On a positive note, the government statistics suggest that percentage of people living below the national poverty line dropped from 38 percent in 2000 to 21.6 percent in 2015. Likewise, the proportion of population below the minimum dietary consumption dropped from 47 percent in 2000 to 22.8 percent in 2015. These are some successful achievements of Millennium Development Goals (MDGs).  This could be achieved through collaborative efforts among all concerned stakeholders. 

While people are struggling to manage two square meals a day, the food they eat is not nutritious either. This is a big challenge. While many waste food, others in the rural areas do not get enough to eat. 

Tarai is often said to be Nepal’s food bank. But children in Tarai districts suffer from malnutrition. While there is food crisis in some places, people also lack knowledge about consumption of nutritious food. School textbooks highlight this aspect of nutrition and encourage nutritious food consumption but we have not been able to do much. Only a few Nepalis know how much calories they need to take on a daily basis. Nepali diet is heavy on rice and carbohydrate but light in other vegetables, proteins and vitamins. 

Therefore public health awareness programs are critically important. We tend to eat only rice. We have to change food habits and switch to alternative sources. For this we need to enhance agricultural productivity. Agriculture, livestock, public health and public awareness should go hand in hand.

Like other SGDs, achieving SDG-2 is critically vital for Nepal. As food security and nutrition are the two major challenges facing the nation, not only do we require a strong institutional capacity but also diverse types of resources to achieve the goal.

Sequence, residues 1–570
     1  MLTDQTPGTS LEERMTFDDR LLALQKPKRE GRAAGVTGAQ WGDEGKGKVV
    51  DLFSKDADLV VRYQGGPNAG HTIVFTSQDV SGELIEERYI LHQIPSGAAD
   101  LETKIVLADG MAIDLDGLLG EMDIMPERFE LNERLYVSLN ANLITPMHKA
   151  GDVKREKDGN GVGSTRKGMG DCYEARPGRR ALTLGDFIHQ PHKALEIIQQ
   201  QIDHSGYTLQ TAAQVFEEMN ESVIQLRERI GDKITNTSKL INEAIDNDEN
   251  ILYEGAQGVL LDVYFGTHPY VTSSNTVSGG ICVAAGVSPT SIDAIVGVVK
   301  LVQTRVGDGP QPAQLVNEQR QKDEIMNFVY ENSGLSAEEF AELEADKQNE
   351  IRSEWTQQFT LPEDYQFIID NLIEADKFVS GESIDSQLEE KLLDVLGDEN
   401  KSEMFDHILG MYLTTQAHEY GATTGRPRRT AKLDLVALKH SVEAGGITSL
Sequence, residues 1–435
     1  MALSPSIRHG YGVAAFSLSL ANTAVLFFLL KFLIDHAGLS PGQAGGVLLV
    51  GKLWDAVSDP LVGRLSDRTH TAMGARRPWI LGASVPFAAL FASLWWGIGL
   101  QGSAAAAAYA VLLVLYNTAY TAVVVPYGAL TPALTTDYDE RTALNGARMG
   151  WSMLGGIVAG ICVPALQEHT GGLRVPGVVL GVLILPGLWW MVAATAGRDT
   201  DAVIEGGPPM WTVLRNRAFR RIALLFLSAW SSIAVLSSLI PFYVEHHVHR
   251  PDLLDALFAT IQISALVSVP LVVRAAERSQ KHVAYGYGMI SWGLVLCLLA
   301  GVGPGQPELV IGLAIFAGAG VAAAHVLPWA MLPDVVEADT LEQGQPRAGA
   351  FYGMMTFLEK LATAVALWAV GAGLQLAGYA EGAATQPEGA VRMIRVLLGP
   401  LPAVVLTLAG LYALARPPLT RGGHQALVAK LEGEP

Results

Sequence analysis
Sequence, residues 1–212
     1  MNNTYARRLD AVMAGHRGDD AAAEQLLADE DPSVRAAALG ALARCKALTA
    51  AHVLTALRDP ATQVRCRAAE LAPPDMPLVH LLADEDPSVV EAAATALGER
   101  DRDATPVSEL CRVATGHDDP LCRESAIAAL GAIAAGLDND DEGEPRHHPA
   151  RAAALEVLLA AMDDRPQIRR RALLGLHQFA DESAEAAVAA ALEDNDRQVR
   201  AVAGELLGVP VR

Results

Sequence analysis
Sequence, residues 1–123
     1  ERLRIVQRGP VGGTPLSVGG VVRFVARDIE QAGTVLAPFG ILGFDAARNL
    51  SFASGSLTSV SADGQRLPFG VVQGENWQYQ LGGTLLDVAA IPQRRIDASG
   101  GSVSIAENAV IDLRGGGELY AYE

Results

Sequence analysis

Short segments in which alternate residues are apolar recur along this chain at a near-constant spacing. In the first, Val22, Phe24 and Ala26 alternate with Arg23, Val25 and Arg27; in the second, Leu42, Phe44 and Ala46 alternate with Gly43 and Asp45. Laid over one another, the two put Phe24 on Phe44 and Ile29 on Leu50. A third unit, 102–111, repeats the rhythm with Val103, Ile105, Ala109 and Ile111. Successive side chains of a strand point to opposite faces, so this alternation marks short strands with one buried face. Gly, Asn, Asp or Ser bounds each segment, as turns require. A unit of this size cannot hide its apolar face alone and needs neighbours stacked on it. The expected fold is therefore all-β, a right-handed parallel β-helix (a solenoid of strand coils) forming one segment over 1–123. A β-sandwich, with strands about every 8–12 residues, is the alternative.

There are families in Karnali region who do not have enough food to eat. In spite of tremendous potentials in agriculture sector, Nepal is not self-reliant on agricultural products. It should also be noted that even in places with good food availability, access to nutrition is a major challenge. 
In Tarai districts like Siraha and Kapilbastu, stunting, wasting and underweight are rampant.  As we strive to meet these goals, we need to understand the challenges and opportunities within the country.

Rays of hope
We have completed all three sets of elections. With the elected representatives at all three levels, the government efforts to achieve SDGs can be much easier as development partners will extend hands to work with locally elected bodies as well. 

Out-migration of young workforce, feminization of agriculture, difficult geography and poor infrastructure, poverty, significant urbanization and with that, a nutrition transition paired with shifting diets, and climate change risks and devastating natural disasters are threats to achieving food security and nutrition. Cooperation, coordination and collaboration among government, private sector, civil society and development partners are crucial for achieving 17 sustainable development goals (SDGs),  SDG-2 in particular. 

The author is a Planning Officer at National Planning Commission, Nepal